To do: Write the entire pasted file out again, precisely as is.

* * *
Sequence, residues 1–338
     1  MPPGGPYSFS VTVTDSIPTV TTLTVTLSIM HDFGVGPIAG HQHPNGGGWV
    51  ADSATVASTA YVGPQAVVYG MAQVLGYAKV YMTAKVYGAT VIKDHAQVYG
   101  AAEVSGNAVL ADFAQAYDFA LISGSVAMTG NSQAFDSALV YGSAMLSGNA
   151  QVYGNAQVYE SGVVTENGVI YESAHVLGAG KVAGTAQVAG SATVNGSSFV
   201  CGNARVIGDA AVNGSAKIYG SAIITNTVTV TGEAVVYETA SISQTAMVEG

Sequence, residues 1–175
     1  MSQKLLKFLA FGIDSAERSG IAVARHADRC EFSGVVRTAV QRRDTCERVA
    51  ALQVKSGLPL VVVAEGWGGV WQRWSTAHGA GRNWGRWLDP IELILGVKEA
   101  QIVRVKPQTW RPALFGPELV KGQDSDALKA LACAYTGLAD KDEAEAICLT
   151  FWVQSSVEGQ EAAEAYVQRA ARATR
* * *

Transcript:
Sequence, residues 1–338
     1  MPPGGPYSFS VTVTDSIPTV TTLTVTLSIM HDFGVGPIAG HQHPNGGGWV
    51  ADSATVASTA YVGPQAVVYG MAQVLGYAKV YMTAKVYGAT VIKDHAQVYG
   101  AAEVSGNAVL ADFAQAYDFA LISGSVAMTG NSQAFDSALV YGSAMLSGNA
   151  QVYGNAQVYE SGVVTENGVI YESAHVLGAG KVAGTAQVAG SATVNGSSFV
   201  CGNARVIGDA AVNGSAKIYG SAIITNTVTV TGEAVVYETA SISQTAMVEG

Sequence, residues 1–175
     1  MSQKLLKFLA FGIDSAERSG IAVARHADRC EFSGVVRTAV QRRDTCERVA
    51  ALQVKSGLPL VVVAEGWGGV WQRWSTAHGA GRNWGRWLDP IELILGVKEA
   101  QIVRVKPQTW RPALFGPELV KGQDSDALKA LACAYTGLAD KDEAEAICLT
   151  FWVQSSVEGQ EAAEAYVQRA ARATR